Outsmart Windows spyware on your PC
Spyware is big business for criminals and less ethical organisations on the internet today. If you want to make sure your computers working for you and not spying on you, this guide is the place to start.
You should already have some idea of what Windows spyware actually does if you have read our guide on how to beat computer viruses in Windows. The distinction between computer viruses, spyware and malware has become more hazy in recent years. By definition, a computer virus is a program that copies itself without the users permission. Modern computer viruses can also contain Spyware, though Spyware can end up on your system in a number of ways and is not always introduced by a computer virus. Software programs that contain these unwanted or malicious behaviours are referred to as malware.
What is Spyware?
As we discussed in our article about computer viruses, spyware is software that is designed to watch events on your computer and report this information back via the internet. Data on the web sites you visit, for example, is extremely valuable to marketing and market research companies. Information on the media you watch or listen to can be used by sites to build a profile of what kind of consumer you are and then used for targeted advertising. More sinister Windows spyware may even try and capture passwords, files or PIN numbers as you enter them. This can be a serious threat if you use services like online banking or PayPal.
Of course, there are legitimate, useful reasons why you might want to share certain information about yourself with the rest of the world. At Top-Windows-Tutorials.com we are big fans of LastFM, which logs what music you listen to and makes recommendations on new music based on the data it collects. The Alexa Extension is a popular add-on that, amongst other useful features, uses data it collects on your surfing habits to bring back better search results for you. Both of these freely available pieces of software are considered by some people to be spyware. Unless you are concerned about keeping the data they collect confidential, there is no reason why you should not use them if you want to.
Having said that, your computer belongs to you and you only and you should decide who gets your data and who does not.
Malicious spyware, such as programs which collect private data like passwords or PIN numbers, should be removed or, better still, blocked from entering your system at all times.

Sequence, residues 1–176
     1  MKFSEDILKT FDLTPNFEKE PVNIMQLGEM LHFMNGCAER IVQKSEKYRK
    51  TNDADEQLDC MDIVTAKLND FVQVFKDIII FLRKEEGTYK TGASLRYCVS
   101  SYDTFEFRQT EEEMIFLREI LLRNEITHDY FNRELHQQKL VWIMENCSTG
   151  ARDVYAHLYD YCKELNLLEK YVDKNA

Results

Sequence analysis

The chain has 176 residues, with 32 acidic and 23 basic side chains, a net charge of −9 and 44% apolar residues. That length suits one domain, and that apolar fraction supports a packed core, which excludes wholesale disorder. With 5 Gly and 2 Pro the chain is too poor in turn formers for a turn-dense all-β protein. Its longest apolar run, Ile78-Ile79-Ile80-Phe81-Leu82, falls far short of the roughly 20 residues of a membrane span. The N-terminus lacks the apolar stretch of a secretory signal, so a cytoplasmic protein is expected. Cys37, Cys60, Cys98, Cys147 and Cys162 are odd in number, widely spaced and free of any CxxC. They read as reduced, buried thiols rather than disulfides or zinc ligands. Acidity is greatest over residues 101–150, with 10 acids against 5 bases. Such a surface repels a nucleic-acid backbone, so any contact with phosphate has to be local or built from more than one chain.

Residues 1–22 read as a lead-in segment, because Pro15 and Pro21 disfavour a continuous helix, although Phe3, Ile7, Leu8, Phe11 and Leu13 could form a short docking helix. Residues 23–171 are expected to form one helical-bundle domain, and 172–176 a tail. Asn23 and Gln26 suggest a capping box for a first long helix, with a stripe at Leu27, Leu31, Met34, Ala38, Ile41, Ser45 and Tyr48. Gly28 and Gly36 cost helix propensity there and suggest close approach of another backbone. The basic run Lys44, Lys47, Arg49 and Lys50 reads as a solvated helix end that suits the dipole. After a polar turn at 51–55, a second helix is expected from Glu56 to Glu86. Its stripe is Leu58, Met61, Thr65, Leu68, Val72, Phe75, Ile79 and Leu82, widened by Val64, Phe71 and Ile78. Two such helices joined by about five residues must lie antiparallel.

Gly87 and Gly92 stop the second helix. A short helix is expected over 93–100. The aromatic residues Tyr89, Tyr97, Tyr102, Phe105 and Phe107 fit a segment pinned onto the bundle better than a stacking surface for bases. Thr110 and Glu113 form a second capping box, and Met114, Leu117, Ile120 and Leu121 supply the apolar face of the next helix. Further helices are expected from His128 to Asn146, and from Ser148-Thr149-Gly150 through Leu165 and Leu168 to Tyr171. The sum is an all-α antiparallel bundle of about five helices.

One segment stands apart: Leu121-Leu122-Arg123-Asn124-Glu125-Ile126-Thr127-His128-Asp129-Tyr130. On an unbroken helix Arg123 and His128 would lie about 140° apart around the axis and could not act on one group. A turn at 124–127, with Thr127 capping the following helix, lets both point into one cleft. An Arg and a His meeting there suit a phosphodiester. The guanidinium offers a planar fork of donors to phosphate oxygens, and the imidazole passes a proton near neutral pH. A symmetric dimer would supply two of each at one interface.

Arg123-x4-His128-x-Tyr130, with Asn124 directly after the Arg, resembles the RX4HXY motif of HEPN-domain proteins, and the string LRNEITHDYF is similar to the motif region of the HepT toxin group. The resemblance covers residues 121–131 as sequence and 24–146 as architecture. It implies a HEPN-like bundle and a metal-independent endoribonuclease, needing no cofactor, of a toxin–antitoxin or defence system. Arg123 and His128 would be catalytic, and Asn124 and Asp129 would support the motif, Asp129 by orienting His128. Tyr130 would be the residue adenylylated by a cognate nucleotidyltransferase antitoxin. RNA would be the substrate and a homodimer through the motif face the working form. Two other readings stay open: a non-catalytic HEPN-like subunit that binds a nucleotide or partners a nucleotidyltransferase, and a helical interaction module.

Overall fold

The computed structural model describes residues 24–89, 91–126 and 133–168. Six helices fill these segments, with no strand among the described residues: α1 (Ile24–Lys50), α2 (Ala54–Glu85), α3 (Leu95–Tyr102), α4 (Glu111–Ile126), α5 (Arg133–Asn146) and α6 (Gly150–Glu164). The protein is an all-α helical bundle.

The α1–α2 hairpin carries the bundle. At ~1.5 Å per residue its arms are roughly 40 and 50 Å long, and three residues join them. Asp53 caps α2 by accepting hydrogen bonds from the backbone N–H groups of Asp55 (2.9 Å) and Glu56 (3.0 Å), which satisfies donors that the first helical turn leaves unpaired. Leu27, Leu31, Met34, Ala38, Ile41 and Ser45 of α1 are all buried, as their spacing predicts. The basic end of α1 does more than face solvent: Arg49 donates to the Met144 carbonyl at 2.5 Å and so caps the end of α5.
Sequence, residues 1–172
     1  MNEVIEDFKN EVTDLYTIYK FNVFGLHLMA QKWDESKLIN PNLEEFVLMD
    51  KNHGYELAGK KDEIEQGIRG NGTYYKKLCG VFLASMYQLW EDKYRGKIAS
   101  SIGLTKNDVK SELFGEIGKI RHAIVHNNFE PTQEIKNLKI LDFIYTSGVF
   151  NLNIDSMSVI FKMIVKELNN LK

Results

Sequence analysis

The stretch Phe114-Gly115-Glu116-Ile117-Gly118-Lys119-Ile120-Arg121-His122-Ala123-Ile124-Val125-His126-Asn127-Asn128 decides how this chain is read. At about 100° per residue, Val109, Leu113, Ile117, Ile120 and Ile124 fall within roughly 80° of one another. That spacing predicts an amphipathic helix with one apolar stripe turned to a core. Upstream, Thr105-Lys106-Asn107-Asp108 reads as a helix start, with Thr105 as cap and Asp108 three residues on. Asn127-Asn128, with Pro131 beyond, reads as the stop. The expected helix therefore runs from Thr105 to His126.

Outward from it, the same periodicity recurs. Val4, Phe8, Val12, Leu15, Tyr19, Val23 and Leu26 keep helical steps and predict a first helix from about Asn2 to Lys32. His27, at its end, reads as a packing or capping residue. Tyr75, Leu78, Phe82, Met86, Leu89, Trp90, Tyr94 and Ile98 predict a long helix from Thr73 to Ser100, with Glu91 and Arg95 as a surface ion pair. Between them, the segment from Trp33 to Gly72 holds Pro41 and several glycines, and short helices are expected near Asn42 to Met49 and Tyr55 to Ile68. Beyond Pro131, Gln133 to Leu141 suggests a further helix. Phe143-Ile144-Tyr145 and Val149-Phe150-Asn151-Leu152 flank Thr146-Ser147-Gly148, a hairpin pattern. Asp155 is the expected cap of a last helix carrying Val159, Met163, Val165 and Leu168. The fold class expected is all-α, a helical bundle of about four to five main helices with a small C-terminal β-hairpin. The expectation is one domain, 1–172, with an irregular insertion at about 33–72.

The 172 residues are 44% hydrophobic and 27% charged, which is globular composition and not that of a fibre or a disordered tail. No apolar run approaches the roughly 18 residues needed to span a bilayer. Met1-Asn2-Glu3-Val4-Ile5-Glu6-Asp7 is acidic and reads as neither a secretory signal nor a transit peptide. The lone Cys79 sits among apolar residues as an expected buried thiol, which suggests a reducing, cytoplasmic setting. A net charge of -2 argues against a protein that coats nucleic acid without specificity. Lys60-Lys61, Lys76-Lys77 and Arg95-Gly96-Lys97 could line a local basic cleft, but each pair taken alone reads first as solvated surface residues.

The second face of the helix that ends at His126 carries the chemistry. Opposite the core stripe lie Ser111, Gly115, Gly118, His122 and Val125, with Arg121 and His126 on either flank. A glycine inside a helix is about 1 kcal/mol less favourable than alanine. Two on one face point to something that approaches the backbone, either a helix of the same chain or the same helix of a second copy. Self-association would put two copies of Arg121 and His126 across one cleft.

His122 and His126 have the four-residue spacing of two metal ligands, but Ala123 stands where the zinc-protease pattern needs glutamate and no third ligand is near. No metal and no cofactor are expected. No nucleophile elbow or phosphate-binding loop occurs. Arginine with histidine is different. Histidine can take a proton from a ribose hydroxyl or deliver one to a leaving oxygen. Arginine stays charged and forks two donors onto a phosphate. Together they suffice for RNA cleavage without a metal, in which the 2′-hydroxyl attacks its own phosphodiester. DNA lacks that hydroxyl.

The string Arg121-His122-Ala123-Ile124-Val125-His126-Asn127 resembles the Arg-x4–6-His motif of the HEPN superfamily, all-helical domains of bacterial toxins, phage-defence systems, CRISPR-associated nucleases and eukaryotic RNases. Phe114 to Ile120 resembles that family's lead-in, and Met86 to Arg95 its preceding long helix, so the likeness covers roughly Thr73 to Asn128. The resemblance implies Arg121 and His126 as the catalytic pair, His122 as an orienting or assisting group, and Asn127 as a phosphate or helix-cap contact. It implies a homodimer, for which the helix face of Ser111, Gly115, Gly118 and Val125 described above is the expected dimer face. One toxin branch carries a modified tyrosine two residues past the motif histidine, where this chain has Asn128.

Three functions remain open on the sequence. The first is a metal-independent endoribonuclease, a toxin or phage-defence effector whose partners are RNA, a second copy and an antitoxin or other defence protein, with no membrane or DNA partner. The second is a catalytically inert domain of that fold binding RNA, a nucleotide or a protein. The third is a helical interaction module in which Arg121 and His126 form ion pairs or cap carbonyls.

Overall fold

Benign ‘spyware’ such as Alexa should only be running on your PC with your permission.
Still curious about the different types of Windows spyware? check out the wikipedia article on Windows spyware.
Why is Windows spyware such a big problem?
Remember the last time you installed some new software on your computer? Was it a great free application you downloaded from the web, or perhaps an application package you purchased from a store? Either way, it is extremely likely that when you installed it at some point it presented you with a 4 or 5 page long “end user licence agreement” or “EULA”. These are typically extremely wordy, legal documents designed partly to cover the authors or distributors against anyone who uses the software incorrectly and then tries to sue. Now, did you actually read all of the EULA when you installed the software? If you answered No then don’t worry, neither did I!
Now, remember we said before that spyware should only be collecting data on you with your permission? This isn’t just a courtesy, if an application collects data on you without your permission then it is probably illegal. However, in that wordy, boring EULA, sly marketing companies added clauses that allowed them to install all sorts of Windows spyware along with otherwise useful or harmless looking free applications. Aside from violating your privacy, these sneaky applications can slow your computer or internet connection down, as they beaver away collecting your information. One of these applications you might not even notice, but if you surf around and try out lots of software, they can quickly build up until your system becomes slow or even unstable.